Apparently the Swedish press are demanding that the Sedins implement “condition dingdångia” at the Finnish goal. That sounds completely awesome and I insist that the Sedins continue to implement condition dingdångia when they return to Vancouver for next season. I am assuming it involves shooting the puck more.

However, the obvious thing that semi-final match Sedineillä will not be, however, opportunities, because the Finnish team welded together, a great goalkeeper game and profit-oriented gameplay.

I am concerned that the Finnish team is using profit-oriented gameplay, because I don’t think there is a cash prize at the World Hockey Championships. Also, if your team is welded together, you’ll have a hard time covering your check, particularly on the wider ice surface in Europe.

 Awarded the Sedinin brothers are much better looking than our chainsaw-carved markoanttilat and tuukkamäntylät, and guaranteed to Tre Kronor locker room smells manly and stylish, expensive player! colognes. It is now sadly enough the ice on Saturday, when the Lions to give the father’s hand tight quintet game. Qualities of her could not be more helpful then after the game, when the Swedes seek solace and ironing Operakällarenista of gel or quick Stureplan area locations.

And here’s where Ilta-Sanomet dives into full-blown misogyny. It starts off with basically calling the Sedins pretty boys, which is beyond the pale. Really, does anyone think the Sedins are pretty? I’m talking about looks, not the plays they create on the ice. Come on, now. Even Henrik thinks he looks like an alien.

They also suggest that the Sedins wear expensive cologne and that the Swedish locker room must smell very nice as a result. I guarantee that the Swedish locker room smells like every other hockey locker room: terrible.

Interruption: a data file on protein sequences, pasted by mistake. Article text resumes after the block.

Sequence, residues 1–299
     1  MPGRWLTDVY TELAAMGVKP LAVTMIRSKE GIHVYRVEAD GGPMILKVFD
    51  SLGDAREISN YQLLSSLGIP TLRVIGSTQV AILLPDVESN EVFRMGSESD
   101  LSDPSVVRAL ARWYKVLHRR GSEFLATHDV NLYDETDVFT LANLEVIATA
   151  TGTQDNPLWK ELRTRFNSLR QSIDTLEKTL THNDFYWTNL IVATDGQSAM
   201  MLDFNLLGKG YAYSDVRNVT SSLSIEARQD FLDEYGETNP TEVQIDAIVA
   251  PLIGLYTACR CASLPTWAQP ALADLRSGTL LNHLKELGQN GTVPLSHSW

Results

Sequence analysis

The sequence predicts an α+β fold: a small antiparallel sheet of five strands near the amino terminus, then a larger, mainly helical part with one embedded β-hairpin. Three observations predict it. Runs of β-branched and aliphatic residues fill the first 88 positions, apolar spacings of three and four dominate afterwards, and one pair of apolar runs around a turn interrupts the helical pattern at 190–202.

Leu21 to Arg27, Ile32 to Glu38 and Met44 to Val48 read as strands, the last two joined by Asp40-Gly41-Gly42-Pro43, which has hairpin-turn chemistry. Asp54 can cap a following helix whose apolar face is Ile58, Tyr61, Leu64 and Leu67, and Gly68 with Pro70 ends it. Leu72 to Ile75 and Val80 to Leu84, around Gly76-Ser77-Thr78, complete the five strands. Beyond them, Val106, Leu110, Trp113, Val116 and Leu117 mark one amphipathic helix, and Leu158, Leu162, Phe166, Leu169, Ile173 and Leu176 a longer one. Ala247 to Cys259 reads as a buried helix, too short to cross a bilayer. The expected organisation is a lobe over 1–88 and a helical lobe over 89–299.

Meanwhile, the Finnish players are described as “chainsaw-carved,” which I have to admit is a fantastic adjective to describe manliness. I’m going to start describing myself as “chainsaw-carved.” At least, I will do so online, where no one can see my noodle arms.

It’s that last sentence that really gets my goat by its tail and goat-throat. Essentially, Ilta-Sanomet is calling the Sedins women and suggesting that Sweden will need their feminine talents of providing solace, ironing, and shopping. Or maybe that’s just a bizarre quirk of Google Translate and they’re saying no such thing. I really don’t know.

If, for some reason, you really want to print out your own Sedin paper dolls, here’s the full-size version, courtesy @jhitela.

UPDATE:

Friend of the blog, @MiikaArponen provided us with a more accurate translation of the article, featuring far less misogyny and accidental hilarity.

The Lions (Finland) against Tre Kronor (Sweden) in Globen (the arena in Stockholm). Krista Siegfried’s big Ding Dong -show in Eurovision Song Contest in Malmö. This will be a fantastic Finland vs Sweden weekend.

Swedish hockey fans can’t wait to see their players pay back to Finns for their 6-1-humiliation in Bratislava in 2011.

The Swedes believe that the most powerful two players would be The Sedin NHL-brothers. Especially Swedish press insists the brothers to bring proper dingdång (I guess it means a big show here) to Finland’s goal.